September 8, 2008
RAPID TRANSIT AGREEMENT INKED BY WINNIPEG AND MANITOBA
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$138-million Project To Include Dedicated Bicycle Paths
A rapid transit system and dedicated bicycle paths linking south Winnipeg to the downtown is one step closer to shovels going in the ground following a $138-million funding agreement reached between the City of Winnipeg and the Province of Manitoba, Premier Gary Doer and Mayor Sam Katz announced today.
“This is a significant infrastructure project linking south Winnipeg to our downtown,” said Doer. “It will help improve transit ridership and efficiency, while helping to reduce greenhouse gas emissions and meet Kyoto targets. I am pleased to partner with the mayor on this important initiative.”
The first stage of the Southwest Rapid Transit Corridor will receive a $138-million investment and will extend from Jubilee Avenue to The Forks with a second, future stage to run from Jubilee Avenue to Bison Drive with both stages incorporating bike paths into their construction.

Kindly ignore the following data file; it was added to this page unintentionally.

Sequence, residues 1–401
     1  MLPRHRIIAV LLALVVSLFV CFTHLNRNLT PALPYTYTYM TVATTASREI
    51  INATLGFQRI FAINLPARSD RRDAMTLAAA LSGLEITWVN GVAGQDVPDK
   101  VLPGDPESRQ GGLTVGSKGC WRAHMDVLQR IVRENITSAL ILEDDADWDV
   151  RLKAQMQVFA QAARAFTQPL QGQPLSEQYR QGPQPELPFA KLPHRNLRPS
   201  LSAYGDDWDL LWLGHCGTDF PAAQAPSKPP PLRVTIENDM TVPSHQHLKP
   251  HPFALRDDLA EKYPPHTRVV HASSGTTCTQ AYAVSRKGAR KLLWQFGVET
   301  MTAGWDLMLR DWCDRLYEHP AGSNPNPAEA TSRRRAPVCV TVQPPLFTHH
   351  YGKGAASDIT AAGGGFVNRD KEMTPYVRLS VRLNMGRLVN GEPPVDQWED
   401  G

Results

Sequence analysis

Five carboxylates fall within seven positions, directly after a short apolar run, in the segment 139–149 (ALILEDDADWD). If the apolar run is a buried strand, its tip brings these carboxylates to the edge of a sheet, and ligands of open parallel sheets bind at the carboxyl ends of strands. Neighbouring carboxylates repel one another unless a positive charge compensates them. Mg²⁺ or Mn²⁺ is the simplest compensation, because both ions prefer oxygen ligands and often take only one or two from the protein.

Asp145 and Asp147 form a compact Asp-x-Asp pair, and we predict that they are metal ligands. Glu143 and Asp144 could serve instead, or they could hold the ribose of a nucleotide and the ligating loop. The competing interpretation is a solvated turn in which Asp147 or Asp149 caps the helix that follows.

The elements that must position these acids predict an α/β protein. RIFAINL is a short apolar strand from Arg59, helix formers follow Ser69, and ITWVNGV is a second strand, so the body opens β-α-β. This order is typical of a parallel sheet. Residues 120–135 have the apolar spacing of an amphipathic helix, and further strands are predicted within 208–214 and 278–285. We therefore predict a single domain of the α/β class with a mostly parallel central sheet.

“I’ve always said rapid transit is part of our city’s future,” said Katz. “Today’s announcement takes a comprehensive approach to link our city with hubs focusing on mixed residential and commercial development that will provide the financial stability needed to make this important project a reality. By laying the groundwork today, we can move ahead on providing Winnipeggers with quick, reliable and green transportation alternatives at a time when gas prices are an unprecedented high.”
Winnipeg will contribute $30.75 million which includes $17.5 million from the 2008 Federal Transit Trust. The province will match the federal transit trust contribution of $17.5 million and will fund 50 per cent of the net operating costs of the rapid transit system through its existing 50-50 transit funding agreement, fulfilling its legislative commitment under the Climate Change Act passed earlier this spring.
The new rapid transit corridor will utilize the innovative tax increment financing tool to capture any incremental growth from residential and commercial infill development along the rapid transit corridor. Tax increment financing is an investment and development tool that reinvests property and school taxes into certain areas to encourage infrastructure development that otherwise would not take place.
As part of today’s agreement, the mayor and premier also agreed to jointly seek a one-third federal contribution to the second stage of the Southwest Rapid Transit Corridor and agreed to work together to continue the development of a comprehensive rapid transit system for the city of Winnipeg.